Quantcast Feeding bulls

Sponsors



Author Topic: Feeding bulls  (Read 13676 times)

Offline -XBAR-

  • State Champion Poster
  • ******
  • Posts: 3457
  • Karma 170
  • SASKVALLEY ALAMO 8A
    • View Profile
Re: Feeding bulls
« Reply #15 on: July 10, 2013, 09:49:29 PM »
What is your rationale behind this?- " It is better to feed a little lower enery feed and provide it as free-choice, vs. feeding a limited hot ration."  I've always heard the opposite.

Offline ZNT

  • County Champion Poster
  • *****
  • Posts: 1005
  • Karma 40
  • ZNT Montego Bay
    • View Profile
    • ZNT Cattle Co.
Re: Feeding bulls
« Reply #16 on: July 10, 2013, 10:34:09 PM »
What is your rationale behind this?- " It is better to feed a little lower enery feed and provide it as free-choice, vs. feeding a limited hot ration."  I've always heard the opposite.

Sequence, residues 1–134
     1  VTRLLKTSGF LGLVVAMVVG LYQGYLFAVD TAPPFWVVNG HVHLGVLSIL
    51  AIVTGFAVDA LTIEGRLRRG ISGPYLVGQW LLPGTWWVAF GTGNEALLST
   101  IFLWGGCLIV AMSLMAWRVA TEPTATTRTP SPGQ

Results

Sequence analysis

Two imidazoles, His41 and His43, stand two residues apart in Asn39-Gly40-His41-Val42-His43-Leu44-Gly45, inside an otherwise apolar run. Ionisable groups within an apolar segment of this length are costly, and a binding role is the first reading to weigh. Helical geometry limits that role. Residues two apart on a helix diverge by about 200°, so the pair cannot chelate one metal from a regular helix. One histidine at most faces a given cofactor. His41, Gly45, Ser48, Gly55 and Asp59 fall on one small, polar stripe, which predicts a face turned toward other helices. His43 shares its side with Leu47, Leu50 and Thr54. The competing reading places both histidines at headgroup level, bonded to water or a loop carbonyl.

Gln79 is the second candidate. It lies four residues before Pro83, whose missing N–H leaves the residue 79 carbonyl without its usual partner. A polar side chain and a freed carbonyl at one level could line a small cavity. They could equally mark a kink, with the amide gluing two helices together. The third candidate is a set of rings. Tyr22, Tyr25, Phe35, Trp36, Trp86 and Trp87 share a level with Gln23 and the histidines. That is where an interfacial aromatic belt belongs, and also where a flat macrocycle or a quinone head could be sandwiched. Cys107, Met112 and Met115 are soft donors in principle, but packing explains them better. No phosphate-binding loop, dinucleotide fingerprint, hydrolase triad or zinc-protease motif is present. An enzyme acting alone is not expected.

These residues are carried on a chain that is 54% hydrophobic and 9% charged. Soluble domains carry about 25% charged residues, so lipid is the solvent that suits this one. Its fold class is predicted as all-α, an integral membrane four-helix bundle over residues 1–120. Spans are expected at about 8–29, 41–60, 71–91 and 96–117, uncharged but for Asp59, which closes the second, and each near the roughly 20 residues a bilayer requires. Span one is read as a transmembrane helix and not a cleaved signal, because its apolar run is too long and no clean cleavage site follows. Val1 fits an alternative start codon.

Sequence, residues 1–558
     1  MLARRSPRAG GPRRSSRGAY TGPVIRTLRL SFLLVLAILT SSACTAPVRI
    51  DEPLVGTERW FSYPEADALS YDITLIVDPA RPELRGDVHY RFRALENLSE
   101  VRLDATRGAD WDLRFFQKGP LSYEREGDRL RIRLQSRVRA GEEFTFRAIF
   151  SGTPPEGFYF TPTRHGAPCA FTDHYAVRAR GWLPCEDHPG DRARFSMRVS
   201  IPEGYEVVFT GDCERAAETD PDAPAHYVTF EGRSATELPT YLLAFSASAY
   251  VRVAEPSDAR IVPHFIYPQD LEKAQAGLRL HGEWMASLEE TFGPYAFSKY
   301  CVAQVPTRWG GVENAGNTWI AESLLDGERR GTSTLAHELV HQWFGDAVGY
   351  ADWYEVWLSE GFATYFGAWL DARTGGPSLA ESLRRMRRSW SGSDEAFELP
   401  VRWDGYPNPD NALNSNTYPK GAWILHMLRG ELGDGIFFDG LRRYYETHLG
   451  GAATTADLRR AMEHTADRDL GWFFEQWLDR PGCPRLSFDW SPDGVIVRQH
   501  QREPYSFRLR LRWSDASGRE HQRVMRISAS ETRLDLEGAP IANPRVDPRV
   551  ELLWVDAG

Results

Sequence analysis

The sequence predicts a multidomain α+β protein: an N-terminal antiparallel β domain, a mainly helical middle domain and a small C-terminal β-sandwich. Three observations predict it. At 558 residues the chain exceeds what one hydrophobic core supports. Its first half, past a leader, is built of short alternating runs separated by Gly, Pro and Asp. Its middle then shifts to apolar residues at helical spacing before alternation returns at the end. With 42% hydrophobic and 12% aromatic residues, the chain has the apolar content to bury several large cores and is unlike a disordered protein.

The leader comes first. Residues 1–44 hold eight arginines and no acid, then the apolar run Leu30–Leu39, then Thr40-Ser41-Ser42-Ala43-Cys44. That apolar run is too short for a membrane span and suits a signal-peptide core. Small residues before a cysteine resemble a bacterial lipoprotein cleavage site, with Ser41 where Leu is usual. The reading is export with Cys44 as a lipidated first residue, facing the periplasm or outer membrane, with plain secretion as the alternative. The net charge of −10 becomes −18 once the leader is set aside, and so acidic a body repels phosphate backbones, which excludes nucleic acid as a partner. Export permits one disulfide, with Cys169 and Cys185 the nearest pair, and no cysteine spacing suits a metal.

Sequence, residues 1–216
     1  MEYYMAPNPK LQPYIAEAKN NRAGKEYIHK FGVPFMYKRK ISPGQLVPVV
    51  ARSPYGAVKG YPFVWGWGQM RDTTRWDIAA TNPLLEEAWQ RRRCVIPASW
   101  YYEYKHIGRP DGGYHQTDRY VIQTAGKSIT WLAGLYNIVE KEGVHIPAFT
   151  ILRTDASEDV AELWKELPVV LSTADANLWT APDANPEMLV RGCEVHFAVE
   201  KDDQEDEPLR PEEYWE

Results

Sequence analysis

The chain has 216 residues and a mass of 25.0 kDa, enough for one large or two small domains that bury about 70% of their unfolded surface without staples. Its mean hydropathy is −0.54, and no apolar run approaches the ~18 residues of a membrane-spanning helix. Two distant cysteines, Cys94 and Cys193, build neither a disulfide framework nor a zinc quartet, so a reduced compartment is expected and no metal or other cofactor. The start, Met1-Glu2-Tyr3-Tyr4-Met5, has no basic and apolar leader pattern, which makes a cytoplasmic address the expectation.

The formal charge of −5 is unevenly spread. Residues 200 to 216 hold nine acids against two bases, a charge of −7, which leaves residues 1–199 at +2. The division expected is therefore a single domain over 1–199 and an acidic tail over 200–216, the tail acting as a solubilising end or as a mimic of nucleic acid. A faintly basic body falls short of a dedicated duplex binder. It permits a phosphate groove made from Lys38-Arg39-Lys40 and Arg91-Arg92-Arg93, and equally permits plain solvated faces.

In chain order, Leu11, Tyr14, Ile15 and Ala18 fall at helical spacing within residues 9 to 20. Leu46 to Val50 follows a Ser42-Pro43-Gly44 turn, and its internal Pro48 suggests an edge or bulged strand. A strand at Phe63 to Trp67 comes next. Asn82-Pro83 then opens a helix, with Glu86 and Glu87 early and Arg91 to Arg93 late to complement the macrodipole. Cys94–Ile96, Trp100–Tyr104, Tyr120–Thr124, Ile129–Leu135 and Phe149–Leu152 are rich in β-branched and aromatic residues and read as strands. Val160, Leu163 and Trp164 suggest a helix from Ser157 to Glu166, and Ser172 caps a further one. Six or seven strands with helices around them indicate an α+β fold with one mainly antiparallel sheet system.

I am just saying that I prefer to feed a normal show ration and increase the volume with beet pulp, rather then feeding less and adding corn to it.  For a show/sale bull to have enough guts and soggy look to them, it is going to take more than throwing a round bale of costal out along with a few scoops of corn. 
Winning isn't everything, but you have to want it.

Offline -XBAR-

  • State Champion Poster
  • ******
  • Posts: 3457
  • Karma 170
  • SASKVALLEY ALAMO 8A
    • View Profile
Re: Feeding bulls
« Reply #17 on: July 10, 2013, 11:08:55 PM »
Guess it depends how big those scoops are  ;)

Offline ZNT

  • County Champion Poster
  • *****
  • Posts: 1005
  • Karma 40
  • ZNT Montego Bay
    • View Profile
    • ZNT Cattle Co.
Re: Feeding bulls
« Reply #18 on: July 10, 2013, 11:40:31 PM »
Guess it depends how big those scoops are  ;)